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Occult Lymphoma Compounds Lactic Acidosis FREE TO VIEW

Andrew Whiteley, MD; Varsha Podduturi, MD; Joseph Guileyardo, MD; Adan Mora, MD
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Baylor University Medical Center, Dallas, TX

Chest. 2013;144(4_MeetingAbstracts):346A. doi:10.1378/chest.1702772
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SESSION TITLE: Critical Care Student/Resident Case Report Posters IV

SESSION TYPE: Medical Student/Resident Case Report

PRESENTED ON: Tuesday, October 29, 2013 at 01:30 PM - 02:30 PM

INTRODUCTION: Some sources of lactic acidosis, such as the one associated with lymphoma, may not be immediately obvious. When lymphoma infiltrates the liver the compounded effect may prove fatal.

CASE PRESENTATION: A 78-year-old man admitted for an elective carotid endarterectomy whose hospital course was complicated by increased transaminitis, acute renal failure, and Klebsiella pneumonia/UTI was transferred to our ICU. He had complained of left upper quadrant abdominal and left lower chest pain. He developed jaundice prompting transfer for ERCP to evaluate for possible ascending cholangitis. ERCP was unrevealing. Post procedure evaluation noted encephalopathy, shock and a suspicion of sepsis. Labs were congruent with presenting labs including persistently elevated transaminases AST/ALT 670/773 (U/L). Lactic acid was 14.3 (mmol/L) with a normal anion gap. He developed refractory shock and acidosis despite blood, fluids, vasopressors, increased minute ventilation and continuous renal replacement therapy. A new anion gap (increased from 11 to 23) and AST/ALT 7512/2642 (U/L) was noted 5 hours later followed by a gap of 25, lactic acid 19.9 (mmol/L), AST/ALT 18,903/5079 (U/L) five hours subsequently. He remained unresponsive to resuscitation efforts and died following the family’s request for withdrawal of life sustaining treatment. Autopsy revealed a splenic rupture and lymphoma with significant tumor burden in the liver.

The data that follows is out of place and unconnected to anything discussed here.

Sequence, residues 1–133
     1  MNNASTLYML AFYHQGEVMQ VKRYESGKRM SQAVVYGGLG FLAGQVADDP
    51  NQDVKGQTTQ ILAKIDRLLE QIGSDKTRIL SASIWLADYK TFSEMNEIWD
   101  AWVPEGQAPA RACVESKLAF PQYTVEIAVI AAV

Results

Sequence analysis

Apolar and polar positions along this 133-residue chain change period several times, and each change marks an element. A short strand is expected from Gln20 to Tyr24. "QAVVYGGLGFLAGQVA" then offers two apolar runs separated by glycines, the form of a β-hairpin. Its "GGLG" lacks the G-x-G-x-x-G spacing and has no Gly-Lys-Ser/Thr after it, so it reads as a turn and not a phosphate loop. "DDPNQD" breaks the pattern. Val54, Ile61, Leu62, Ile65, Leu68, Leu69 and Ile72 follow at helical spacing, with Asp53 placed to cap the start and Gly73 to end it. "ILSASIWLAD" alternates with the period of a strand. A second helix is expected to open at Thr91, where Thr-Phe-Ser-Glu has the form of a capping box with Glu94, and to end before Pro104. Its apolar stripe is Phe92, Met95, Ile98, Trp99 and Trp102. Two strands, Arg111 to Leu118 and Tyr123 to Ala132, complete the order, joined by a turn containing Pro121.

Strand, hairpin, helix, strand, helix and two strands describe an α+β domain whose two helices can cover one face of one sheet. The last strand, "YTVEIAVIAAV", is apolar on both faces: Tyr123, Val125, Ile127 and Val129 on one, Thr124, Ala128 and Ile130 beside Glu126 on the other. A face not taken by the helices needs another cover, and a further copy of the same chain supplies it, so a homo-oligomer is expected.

DISCUSSION: Lactic Acidosis is dichotomized into two distinct categories. Type A is due to tissue hypoxia secondary to hypoperfusion or hypoxemia with resultant anaerobic metabolism and increased production of lactic acid. Type B encompasses a myriad of conditions in which lactate accumulates despite adequate perfusion and oxygenation. Lymphoma is rarely associated with Type B lactic acidosis and portends a poor prognosis.1 There are many purported mechanisms to explain this phenomenon, including decreased metabolism of lactate in patients with liver dysfunction.1 Patients with Type B lactic acidosis who subsequently acquire a superimposed Type A lactic acidosis are likely at a survival disadvantage due to excessive lactate burden and accompanying acidosis, with increased risk of being refractory to aggressive medical intervention. Clinicians should be aware of Type B lactic acidosis and, when possible, seek out reversible causes before these patients incur hemodynamic or hypoxic insult from which they may not be able to recover.

CONCLUSIONS: Type B lactic acidosis is a rare complication of hematologic malignancies. In atypical severe lactic acidosis situations, a high index of suspicion is needed to broaden the differential and may prompt a search for malignancy evaluation.

Reference #1: Friedenberg, Allison S., Douglas E. Brandoff, and Fred J. Schiffman. "Type B Lactic Acidosis As a Severe Metabolic Complication in Lymphoma and Leukemia." Medicine 86.4 (2007): 225-32.

DISCLOSURE: The following authors have nothing to disclose: Andrew Whiteley, Varsha Podduturi, Joseph Guileyardo, Adan Mora

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